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Hats Off To A Tale Of Good Sportsmanship
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Hats Off To A Tale Of Good Sportsmanship

Sports

Hats Off To A Tale Of Good Sportsmanship

Hats Off To A Tale Of Good Sportsmanship
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Rachel Martin pauses to note a story from a New Jersey swim meet. It's about good sportsmanship and losing gracefully.

RACHEL MARTIN, HOST:

Last month in New Jersey, the Monroe High School swimming team broke a record that had stood for 14 years, 51.3 seconds in the 100-meter backstroke. An individual record, which makes sense because there's only one person on Monroe's team. His name is Rich Fortels. And since Monroe doesn't really have a team for him, Fortels didn't have a team swimming cap to wear in the Greater Middlesex Conference championships, so he wore one from the club team he swims on with the club's logo on it. But that's against the rules of the National Federation of State High School Associations. Someone pointed it out, and the medal went to runner-up Michael Spark, who finished three seconds behind Fortels. Well, Sparks didn't agree so Monday, he went to Monroe High. Here's what he said to the website mycentraljersey.com.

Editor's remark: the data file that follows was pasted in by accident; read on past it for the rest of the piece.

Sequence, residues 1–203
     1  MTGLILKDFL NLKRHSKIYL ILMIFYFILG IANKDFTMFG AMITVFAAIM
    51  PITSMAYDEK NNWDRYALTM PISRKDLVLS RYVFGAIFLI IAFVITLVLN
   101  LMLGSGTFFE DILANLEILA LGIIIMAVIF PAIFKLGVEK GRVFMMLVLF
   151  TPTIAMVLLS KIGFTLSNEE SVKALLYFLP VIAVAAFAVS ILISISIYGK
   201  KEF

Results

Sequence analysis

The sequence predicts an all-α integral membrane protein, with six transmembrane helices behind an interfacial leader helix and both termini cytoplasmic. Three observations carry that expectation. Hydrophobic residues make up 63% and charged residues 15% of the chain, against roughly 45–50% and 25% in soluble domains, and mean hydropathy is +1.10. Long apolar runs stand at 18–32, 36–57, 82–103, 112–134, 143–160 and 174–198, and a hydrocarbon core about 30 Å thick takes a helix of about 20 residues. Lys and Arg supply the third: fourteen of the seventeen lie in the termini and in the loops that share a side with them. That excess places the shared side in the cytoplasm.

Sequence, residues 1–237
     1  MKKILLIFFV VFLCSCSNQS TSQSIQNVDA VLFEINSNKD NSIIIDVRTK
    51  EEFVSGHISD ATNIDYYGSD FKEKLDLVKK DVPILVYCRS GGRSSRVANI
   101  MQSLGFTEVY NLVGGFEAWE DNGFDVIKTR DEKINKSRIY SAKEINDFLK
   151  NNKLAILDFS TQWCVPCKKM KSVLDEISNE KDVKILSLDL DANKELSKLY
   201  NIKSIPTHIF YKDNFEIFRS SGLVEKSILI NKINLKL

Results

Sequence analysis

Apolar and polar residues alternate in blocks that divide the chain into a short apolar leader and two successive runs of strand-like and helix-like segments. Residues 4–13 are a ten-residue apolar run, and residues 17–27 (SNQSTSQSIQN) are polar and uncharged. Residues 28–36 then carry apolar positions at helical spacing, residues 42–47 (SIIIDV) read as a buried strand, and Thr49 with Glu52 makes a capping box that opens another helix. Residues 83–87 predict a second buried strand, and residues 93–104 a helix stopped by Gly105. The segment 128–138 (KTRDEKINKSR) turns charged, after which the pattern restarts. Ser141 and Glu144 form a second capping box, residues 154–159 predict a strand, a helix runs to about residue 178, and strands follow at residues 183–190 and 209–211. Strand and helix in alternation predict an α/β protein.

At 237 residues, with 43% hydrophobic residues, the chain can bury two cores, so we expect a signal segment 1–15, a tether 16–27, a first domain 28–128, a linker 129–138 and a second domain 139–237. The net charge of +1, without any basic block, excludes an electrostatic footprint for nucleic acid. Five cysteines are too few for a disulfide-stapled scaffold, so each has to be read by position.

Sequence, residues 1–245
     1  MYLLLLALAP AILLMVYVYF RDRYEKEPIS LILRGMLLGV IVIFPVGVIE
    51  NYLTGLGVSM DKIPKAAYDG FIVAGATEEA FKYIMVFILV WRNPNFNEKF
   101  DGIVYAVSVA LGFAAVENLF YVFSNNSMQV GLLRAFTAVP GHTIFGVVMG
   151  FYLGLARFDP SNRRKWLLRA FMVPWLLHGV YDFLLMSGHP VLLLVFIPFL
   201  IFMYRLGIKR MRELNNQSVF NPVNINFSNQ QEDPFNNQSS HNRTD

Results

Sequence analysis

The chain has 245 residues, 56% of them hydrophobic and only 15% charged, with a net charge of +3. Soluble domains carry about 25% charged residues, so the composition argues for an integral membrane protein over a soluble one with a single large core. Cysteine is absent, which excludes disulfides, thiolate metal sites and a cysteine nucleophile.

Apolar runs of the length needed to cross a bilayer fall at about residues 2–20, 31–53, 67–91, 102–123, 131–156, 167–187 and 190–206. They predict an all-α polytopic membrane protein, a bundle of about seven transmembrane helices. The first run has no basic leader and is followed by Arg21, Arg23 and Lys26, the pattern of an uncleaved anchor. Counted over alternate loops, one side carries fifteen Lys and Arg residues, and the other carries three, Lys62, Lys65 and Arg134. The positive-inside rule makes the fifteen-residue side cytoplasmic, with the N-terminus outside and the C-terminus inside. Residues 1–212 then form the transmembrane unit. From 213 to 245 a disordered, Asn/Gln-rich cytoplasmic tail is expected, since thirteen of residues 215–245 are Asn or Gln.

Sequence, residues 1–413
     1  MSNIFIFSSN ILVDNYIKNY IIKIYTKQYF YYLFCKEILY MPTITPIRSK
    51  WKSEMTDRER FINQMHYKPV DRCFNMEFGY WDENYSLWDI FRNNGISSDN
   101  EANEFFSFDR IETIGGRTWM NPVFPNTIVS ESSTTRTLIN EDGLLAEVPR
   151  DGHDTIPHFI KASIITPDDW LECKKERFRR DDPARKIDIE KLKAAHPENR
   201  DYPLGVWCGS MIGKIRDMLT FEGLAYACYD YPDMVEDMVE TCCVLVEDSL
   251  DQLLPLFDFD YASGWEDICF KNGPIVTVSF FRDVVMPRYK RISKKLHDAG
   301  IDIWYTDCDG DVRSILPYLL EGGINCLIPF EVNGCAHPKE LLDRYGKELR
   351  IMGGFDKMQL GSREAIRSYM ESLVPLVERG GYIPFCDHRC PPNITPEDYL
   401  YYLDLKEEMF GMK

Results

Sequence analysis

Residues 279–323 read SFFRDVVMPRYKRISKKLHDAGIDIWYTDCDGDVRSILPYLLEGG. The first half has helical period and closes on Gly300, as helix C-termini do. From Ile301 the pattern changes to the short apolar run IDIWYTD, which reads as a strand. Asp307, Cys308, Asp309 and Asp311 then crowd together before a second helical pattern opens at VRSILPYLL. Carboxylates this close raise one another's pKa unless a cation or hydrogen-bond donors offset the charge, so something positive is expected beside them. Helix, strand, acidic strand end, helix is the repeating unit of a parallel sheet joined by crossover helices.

MICHAEL SPARK: The cap wasn't enhancing his performance in any way. He beat me because he trained harder than me. He just out-swam me.

MARTIN: And with that, Michael Spark passed the first place medal to Rich Fortels, a win for sportsmanship.

(SOUNDBITE OF SONG, "ALL-STAR")

SMASH MOUTH: (Singing) Hey now, you're an all-star. Get your game on, go play. Hey now, you're a rock star. Get the show on, get paid. All that glitters is gold. Only shooting stars break the mold.

MARTIN: Our theme music was written by B.J. Leiderman, and you are listening to WEEKEND EDITION from NPR News.

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